Bill was/is a great teacher and that is another reason I’ll always love him. One week, we were shooting an episode where Rudy, the youngest Huxtable daughter, was learning to tap dance. Her dance teacher was played by Sandman Sims. In the episode, Bill and Sandman faced off in a tap dance challenge that was hysterical. During the taping, the audience was laughing so hard that they were literally gasping for air. During the week, while we were preparing for the dress rehearsal, a young boy of 10 or 11 found his way backstage and into the make-up room. He walked right up to Bill Cosby with the boldness that is only present in youth, and demanded, “Put me in your show. I can tap dance!” Bill didn’t miss a beat. He asked the choreographer to come into the room, cleared some space and gave him the floor. “Show me what you got,” Bill said.

The boy danced a few simple steps. Bill asked if he could do any tricks. “Sure, I can do tricks,” the boy responded.  Again, Bill stepped back giving him the floor. The boy stared up at Bill with wide, innocent eyes. “I can’t do them now. I have to go home and practice.” My heart sank.  He had come so close, but he was not going to be on television that week. I am not sure if the boy learned a lesson that day, but I did. That boy had a ton of courage. He sought out an opportunity in a way few folks are capable of. He was bold enough to find his way backstage, walk up to the biggest star on television and ask to be written into the show. Bill gave him a chance, but he wasn’t fully prepared. The boy’s disappointment was not due to any lack of talent, or lack of connections – it was due to lack of preparation.  If he had just done something, anything, Bill probably would have written him into the show simply because he had shown courage and spunk. Anyone who has spent any time in Hollywood knows that success is not always a matter of raw talent. Some may argue that it is rarely due to talent. Success is often the result of having the courage to seek opportunity and the preparation to take advantage of it when it peeks around the corner.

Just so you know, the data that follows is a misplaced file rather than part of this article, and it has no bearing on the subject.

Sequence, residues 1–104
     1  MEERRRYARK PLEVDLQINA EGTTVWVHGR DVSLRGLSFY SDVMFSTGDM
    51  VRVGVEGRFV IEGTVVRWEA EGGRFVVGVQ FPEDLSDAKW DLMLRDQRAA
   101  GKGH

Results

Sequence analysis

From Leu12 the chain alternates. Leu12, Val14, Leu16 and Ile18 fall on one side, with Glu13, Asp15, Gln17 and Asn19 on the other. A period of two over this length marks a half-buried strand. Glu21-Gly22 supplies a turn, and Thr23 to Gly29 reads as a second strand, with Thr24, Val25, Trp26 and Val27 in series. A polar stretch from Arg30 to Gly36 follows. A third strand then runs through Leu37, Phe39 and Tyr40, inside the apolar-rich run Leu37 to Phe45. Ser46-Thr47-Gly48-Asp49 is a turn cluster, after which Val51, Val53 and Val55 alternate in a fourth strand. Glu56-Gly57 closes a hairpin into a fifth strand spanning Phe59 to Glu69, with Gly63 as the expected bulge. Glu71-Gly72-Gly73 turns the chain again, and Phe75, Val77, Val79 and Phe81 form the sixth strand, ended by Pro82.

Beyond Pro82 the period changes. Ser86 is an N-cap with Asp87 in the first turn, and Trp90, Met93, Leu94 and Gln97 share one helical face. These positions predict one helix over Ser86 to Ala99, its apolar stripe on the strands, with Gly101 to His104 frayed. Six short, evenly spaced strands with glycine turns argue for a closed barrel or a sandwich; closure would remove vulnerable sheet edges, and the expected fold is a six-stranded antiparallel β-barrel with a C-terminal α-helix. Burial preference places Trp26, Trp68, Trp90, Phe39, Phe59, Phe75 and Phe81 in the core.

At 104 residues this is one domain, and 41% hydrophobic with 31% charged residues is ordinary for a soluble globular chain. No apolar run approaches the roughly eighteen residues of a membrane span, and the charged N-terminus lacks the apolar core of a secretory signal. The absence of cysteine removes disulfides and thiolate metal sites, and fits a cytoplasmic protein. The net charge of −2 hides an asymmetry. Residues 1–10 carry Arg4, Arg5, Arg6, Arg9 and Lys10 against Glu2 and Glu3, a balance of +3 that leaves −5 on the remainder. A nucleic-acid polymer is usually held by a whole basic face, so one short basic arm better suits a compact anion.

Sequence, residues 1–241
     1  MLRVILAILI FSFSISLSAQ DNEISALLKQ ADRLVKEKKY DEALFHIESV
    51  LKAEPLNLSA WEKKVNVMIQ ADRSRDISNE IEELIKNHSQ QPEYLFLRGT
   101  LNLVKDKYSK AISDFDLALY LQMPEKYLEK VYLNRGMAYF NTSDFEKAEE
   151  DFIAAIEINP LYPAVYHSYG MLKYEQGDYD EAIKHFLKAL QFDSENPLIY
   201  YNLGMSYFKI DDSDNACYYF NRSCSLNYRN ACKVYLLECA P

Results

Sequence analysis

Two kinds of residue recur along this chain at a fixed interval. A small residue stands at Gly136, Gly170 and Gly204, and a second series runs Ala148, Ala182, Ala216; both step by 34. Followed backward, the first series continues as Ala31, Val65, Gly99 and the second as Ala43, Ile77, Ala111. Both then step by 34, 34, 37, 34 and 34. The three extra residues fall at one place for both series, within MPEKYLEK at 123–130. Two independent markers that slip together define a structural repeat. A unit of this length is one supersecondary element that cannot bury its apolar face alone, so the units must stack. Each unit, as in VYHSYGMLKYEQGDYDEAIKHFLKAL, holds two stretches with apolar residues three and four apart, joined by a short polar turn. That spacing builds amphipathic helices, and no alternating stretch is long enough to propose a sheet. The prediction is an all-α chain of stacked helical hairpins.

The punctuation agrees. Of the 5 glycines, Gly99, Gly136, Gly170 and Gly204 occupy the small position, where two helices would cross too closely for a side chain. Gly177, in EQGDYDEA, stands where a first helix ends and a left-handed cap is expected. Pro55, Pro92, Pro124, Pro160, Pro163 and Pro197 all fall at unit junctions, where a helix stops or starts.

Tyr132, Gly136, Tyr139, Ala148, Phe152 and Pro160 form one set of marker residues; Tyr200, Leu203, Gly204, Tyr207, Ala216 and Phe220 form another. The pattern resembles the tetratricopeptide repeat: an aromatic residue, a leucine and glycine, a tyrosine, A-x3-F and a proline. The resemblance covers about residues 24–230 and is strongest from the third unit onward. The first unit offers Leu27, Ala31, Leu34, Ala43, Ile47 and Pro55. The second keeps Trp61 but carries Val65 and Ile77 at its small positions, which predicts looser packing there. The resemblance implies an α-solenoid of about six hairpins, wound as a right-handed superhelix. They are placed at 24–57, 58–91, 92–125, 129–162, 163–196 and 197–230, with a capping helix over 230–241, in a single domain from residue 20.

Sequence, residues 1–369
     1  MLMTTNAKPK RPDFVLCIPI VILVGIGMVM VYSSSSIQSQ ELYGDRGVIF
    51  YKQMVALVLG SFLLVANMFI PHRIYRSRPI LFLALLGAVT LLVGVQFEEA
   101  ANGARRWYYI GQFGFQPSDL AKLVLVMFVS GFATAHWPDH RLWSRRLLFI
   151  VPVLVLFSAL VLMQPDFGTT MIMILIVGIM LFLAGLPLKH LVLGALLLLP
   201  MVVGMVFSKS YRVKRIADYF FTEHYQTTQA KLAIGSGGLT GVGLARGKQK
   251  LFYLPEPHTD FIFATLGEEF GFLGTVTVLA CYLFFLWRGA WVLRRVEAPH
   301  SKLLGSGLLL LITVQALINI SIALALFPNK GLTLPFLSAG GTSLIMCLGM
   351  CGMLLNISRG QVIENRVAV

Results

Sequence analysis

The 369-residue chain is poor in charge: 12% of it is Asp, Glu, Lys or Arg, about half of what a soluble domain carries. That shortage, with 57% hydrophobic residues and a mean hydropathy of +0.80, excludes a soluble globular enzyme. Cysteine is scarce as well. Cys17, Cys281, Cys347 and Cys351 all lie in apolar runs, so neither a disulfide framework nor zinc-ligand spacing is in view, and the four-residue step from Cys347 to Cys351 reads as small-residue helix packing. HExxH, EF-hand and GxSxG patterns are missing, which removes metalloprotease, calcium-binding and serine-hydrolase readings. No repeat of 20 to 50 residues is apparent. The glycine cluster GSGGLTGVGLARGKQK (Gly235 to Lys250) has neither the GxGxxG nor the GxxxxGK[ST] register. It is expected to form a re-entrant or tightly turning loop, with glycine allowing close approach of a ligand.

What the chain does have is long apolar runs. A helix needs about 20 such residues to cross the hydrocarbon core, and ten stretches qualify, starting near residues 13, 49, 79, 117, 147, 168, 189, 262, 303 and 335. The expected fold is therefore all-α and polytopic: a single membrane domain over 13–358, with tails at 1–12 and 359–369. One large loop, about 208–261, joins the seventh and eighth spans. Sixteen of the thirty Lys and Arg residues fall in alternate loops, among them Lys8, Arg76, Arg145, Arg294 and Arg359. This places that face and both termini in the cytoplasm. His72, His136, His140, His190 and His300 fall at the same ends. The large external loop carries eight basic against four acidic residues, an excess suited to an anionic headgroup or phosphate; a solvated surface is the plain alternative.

Next…Working with a genius

About Author

Joseph C. Phillips

Joseph C. Phillips was born on January 17, 1962 in Denver, Colorado, USA as Joseph Connor Phillips. He is an actor, known for General Hospital (1994), The Cosby Show (1984) and Strictly Business (1991). He has been married to Nicole since 1994. They have three children.